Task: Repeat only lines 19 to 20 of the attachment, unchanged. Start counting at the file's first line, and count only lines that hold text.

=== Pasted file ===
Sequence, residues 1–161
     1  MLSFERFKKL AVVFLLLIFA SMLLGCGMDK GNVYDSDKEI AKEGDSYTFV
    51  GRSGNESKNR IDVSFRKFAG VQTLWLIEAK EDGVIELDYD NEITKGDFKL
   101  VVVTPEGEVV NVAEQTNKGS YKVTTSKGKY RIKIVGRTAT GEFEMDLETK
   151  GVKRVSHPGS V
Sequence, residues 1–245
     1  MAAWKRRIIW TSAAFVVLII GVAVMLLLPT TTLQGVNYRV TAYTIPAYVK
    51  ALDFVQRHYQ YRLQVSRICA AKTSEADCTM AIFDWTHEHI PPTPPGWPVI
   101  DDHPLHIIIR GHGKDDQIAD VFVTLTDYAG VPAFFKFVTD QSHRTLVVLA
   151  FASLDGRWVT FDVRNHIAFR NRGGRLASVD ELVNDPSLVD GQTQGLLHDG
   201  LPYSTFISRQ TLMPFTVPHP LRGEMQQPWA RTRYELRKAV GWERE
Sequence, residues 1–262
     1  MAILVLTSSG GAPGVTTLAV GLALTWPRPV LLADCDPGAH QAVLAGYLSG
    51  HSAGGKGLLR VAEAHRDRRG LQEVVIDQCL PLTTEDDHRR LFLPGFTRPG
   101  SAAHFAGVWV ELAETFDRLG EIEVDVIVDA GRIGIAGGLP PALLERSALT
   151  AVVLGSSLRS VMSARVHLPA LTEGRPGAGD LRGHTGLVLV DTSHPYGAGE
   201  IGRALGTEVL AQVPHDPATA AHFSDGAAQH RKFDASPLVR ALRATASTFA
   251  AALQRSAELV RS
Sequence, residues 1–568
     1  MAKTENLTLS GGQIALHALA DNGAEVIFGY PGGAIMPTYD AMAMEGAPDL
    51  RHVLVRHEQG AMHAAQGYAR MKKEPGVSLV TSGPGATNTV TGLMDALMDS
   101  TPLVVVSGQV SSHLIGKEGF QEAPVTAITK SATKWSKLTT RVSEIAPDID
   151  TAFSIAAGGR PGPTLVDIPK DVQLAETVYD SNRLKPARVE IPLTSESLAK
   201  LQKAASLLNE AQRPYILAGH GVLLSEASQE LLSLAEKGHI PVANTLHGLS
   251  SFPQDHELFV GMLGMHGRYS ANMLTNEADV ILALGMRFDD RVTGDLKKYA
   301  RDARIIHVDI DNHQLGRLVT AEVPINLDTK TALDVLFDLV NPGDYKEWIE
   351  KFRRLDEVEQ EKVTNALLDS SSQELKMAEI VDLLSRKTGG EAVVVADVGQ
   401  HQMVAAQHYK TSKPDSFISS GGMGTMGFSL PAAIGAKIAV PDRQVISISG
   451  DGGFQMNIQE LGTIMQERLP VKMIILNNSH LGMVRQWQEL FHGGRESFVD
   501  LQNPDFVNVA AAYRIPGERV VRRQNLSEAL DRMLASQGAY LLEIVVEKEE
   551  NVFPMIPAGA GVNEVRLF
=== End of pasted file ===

Sequence, residues 1–568
     1  MAKTENLTLS GGQIALHALA DNGAEVIFGY PGGAIMPTYD AMAMEGAPDL